: Kania, J. - This is an application u/s. 256(2) of the IT Act, 1961, for directing the ITAT to state a case and to refer to this court for determination the four questions set out therein. In our view, it is not necessary those questions turn on the basis of controversy as to whether an amount of Rs. 26,112 should be allowed to be deducted out of the assessees total income for the purposes of the assessment. The said sum was claimed by the assessee as a deduction on account of secret commission paid by the assessee to employees of various Mills for purchasing the goods of the assessee.
2. The facts giving rise to this application are that the assessee carries on the business of supplying mills stores to various Mills. The assessee claimed an amount of Rs. 26,112 by way of secret commission paid to the employees of various mills who had purchased goods from the assessee. The ITO disallowed the sum of Rs. 26,112 on the ground that the fact of payment and its nexus with the business of the assessee has not been established. An appeal preferred by the assessee was, however, allowed by the CIT (Appeals). The Tribunal upheld this decision. The present application is directed against the order of the Tribunal. The crucial question is whether there was any evidence before the Tribunal to prove the fact of payment of this amount as the secret commission and whether it could be said to have been an amount laid out wholly and exclusively for the purposes of the assessees business. These are largely questions of fact. The assessee showed to the Tribunal that the payment of this amount as commission had been approved by the Board of Directors of the assessee which is a Private Limited Company. It was further pointed out by the ld. counsel for the assessee that such payments had been made even in earlier years and had been allowed as deductions without any objection being raised by the department. The commission was paid at a uniform rate at 2 1/2 per cent. We further find that the assessee had filed before the Tribunal a detailed list containing names of the Mills to whose agents and employees such commission had been paid and showing also the value of the goods sold to these Mills. The assessee had also supplied to the Tribunal the particulars of the bills and the amounts of the commission paid, although the names of the persons to whom it was paid were not disclosed. It is easy to understand why such names were not disclosed, because had they been disclosed, such employees would have been dealt with by their employers the Mills concerned. On this material the Tribunal held that although the evidence was not direct, there was evidence to show that there was nexus between these payments and the business of the assessee.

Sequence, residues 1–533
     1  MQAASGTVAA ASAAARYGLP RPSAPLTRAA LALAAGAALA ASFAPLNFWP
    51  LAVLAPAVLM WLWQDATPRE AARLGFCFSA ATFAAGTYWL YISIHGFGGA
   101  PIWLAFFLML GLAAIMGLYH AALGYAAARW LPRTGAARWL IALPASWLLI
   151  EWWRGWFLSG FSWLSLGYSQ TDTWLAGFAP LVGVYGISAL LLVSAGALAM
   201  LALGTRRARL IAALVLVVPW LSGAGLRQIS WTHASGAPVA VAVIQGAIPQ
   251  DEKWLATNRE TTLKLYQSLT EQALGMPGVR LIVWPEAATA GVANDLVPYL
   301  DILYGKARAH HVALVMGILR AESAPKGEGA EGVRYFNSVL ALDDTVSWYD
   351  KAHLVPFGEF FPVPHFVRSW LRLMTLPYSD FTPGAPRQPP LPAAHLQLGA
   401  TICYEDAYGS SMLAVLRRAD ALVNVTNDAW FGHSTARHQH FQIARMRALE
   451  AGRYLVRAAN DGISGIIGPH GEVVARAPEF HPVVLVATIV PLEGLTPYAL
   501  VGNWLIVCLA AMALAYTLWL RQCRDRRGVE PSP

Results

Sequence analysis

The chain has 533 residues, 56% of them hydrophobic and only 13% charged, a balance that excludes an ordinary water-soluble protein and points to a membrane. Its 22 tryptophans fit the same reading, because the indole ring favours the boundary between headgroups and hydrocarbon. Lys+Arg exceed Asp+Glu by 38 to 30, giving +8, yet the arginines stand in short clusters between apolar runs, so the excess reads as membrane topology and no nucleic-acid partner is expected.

3. In the state of facts set out above, it is not possible to say that the findings of the Tribunal which we have referred to above, have been arrived at without any evidence. As pointed out by a Division Bench of this court in Goodlas Nerolac Paints Pvt. Ltd. v. CIT, Bombay City-II (Bombay) of the said report :
'It was for the Tribunal to decide, as the final judge of facts, as to whether the case of the assessee that these amounts were actually paid by way of secret commissions, should be believed or not, in the absence of the names and addresses of the persons to whom secret commissions were alleged to have been paid.'
In that case, on the facts, the Tribunal had disbelieved the case of the assessee regarding payments of such amounts as secret commission and we declined to interfere with that finding for the reasons stated above. In the present case, the Tribunal has believed the case of the assessee that the payments were made as well as that there was nexus between the said payment and the business of the assessee and we do not see how these findings of fact can be interfered within a reference.
In the result, rule is discharged with costs.